Paul Helfenstein says we can see tectonic motion on Enceladus

Paul Helfenstein: People work very hard and pay their taxes, and I hope we’re doing a good job of showing them that their money is buying something really exciting.

That’s astronomer Paul Helfenstein, who’s on the imaging team for NASA’s Cassini spacecraft. Helfenstein’s excited about certain geological movements on the planet Saturn’s icy moon Enceladus.

Paul Helfenstein: One of the things that we’ve just recently discovered is that the surface of Enceladus is undergoing a process that’s called ‘spreading,’ in which new material is being created on the surface and we can see actual tectonic motions of portions of the surface across the South Pole.

On Earth, spreading happens when magma bubbles up into rifts on the ocean floor and hardens into rock. But on the moon Enceladus, scientists think water beneath the moon’s surface rises up to form more ice.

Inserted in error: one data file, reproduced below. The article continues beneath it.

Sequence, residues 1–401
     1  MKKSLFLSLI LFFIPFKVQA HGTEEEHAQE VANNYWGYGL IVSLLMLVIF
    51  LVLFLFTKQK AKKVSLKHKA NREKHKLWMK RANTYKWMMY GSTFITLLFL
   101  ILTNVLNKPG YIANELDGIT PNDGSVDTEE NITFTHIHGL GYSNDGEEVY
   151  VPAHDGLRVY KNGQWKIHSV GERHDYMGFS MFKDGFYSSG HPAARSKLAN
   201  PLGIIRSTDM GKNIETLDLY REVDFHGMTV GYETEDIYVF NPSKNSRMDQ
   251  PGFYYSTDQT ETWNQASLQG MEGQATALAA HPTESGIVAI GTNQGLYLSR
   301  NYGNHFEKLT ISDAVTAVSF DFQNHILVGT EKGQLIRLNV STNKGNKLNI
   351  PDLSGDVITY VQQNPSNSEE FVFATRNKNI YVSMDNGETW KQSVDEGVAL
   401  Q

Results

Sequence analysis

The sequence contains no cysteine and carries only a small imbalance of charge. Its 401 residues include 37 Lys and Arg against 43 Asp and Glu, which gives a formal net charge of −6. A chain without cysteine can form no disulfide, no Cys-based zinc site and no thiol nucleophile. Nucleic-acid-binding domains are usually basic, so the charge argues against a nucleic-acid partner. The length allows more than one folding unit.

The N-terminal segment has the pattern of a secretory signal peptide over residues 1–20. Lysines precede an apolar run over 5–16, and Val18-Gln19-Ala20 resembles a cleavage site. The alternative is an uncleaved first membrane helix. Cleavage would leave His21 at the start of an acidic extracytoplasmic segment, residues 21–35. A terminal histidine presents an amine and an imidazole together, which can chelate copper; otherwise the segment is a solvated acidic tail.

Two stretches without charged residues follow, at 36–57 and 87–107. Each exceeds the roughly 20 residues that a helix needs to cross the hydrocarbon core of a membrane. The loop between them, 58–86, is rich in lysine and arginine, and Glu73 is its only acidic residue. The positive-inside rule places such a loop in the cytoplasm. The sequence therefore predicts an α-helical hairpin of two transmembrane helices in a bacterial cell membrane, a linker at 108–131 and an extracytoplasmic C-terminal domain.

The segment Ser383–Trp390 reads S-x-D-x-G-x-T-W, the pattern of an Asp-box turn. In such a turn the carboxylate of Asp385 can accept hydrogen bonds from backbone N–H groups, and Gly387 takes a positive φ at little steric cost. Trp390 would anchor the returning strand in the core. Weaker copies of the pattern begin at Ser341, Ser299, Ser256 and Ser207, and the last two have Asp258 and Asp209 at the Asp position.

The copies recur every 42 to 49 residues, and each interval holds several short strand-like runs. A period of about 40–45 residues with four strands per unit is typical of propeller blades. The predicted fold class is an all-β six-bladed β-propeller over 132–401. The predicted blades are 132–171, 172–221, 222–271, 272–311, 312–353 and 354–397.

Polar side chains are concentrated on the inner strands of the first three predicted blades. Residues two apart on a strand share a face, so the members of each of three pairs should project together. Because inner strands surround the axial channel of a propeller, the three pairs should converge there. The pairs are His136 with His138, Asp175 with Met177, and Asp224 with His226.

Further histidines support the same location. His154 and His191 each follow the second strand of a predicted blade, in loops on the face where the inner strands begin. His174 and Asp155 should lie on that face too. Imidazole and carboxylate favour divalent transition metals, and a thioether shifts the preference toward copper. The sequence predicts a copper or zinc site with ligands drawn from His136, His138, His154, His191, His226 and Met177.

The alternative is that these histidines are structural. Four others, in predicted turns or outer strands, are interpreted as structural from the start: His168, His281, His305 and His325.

Paul Helfenstein: Certainly the fact that we’re seeing a conveyor belt-type spreading of terrain is a much stronger indication now that water may be present, at least deep beneath the surface.

Helfenstein suggested that convective heat deep inside Enceladus could be enough to melt and form a subterranean ocean.

Paul Helfenstein: That’s very exciting to scientists and non-scientists alike, because it suggests the possibility that there may be a habitability zone, an area where life could have evolved.

Our thanks to:
Paul Helfenstein
Cornell University
Ithaca, NY

January 29, 2009

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